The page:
Fraud is the intentional misstatement or failure to disclose information regarding benefit eligibility. Thus, welfare fraud occurs where an individual is receiving welfare benefits that they are not eligible for.

What Are Some Examples of Welfare Fraud?

Laws regulating welfare fraud varies from state to state, but some common examples include: 

  • Failing to Report Income, Assets, Employment, Marital Status, Child Support, or other Financial Information
  • Using a False Identity to Obtain Welfare Benefits
  • Failing to Disclose Criminal Record or Outstanding Warrant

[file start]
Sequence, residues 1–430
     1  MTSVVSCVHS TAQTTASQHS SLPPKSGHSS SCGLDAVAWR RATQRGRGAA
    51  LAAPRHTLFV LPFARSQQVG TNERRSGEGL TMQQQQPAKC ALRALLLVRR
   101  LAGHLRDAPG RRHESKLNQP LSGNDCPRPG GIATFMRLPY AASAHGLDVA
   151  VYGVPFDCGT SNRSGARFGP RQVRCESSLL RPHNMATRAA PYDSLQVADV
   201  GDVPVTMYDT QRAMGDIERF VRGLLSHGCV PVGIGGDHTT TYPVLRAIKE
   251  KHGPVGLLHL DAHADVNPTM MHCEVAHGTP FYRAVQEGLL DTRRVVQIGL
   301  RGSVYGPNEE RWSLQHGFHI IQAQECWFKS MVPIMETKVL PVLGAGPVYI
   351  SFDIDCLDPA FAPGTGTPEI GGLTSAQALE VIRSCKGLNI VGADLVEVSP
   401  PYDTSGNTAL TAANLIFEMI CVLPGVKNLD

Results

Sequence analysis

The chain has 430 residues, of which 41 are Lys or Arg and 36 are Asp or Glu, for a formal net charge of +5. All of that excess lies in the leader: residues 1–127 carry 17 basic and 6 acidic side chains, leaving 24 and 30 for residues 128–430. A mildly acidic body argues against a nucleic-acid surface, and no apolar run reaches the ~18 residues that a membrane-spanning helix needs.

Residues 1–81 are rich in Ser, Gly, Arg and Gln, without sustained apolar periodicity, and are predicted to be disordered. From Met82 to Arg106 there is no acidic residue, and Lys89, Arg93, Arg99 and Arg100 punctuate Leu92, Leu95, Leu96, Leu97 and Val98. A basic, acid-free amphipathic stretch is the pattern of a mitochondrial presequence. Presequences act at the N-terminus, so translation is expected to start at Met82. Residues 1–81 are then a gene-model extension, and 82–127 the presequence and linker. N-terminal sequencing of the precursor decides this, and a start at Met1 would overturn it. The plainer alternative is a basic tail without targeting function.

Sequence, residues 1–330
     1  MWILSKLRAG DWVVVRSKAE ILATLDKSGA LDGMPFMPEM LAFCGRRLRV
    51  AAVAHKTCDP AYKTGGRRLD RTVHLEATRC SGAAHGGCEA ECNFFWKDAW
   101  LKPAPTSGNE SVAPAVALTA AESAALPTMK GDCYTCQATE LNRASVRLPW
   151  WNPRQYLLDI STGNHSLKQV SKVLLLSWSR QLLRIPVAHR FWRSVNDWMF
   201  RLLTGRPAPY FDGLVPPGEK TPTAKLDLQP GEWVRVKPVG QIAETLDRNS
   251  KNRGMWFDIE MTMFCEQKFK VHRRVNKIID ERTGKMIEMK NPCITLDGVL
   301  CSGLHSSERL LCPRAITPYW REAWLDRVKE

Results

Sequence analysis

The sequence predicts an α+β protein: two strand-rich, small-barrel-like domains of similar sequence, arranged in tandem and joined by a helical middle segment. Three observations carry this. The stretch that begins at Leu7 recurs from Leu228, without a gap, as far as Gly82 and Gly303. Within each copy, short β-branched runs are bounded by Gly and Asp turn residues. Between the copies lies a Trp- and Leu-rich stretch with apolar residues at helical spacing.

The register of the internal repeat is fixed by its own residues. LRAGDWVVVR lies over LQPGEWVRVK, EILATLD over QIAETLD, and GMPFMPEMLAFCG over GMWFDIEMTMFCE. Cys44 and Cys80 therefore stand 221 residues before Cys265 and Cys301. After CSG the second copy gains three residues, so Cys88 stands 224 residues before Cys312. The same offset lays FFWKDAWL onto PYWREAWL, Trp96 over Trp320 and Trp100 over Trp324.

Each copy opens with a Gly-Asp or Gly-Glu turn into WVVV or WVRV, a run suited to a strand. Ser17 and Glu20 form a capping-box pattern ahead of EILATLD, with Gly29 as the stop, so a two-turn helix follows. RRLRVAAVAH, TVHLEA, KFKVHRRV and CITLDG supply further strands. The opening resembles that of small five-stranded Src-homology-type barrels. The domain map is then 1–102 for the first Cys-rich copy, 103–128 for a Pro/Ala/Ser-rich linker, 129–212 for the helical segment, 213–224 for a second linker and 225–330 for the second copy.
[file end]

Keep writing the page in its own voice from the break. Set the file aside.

• Applying for the Same Benefits under Multiple Names
  • Receiving Benefits from Multiple States
  • Fraudulently Reporting that a Parent or Child is Living in the Home
  • Intentionally Failing to Report a Change in Eligibility Status

What Are the Consequences of Welfare Fraud?

The penalties for welfare fraud include: 

  • Imprisonment
  • Repayment of Benefits Unlawfully Received
  • Denial of Future Benefits
  • Fines
  • Criminal Charges

What Should I Do If I Am Accused of Welfare Fraud?

If you are accused of welfare fraud, you should contact a criminal defense attorney immediately. An experienced criminal defense lawyer can advise you of your rights and legal defenses, and help guide you through the process.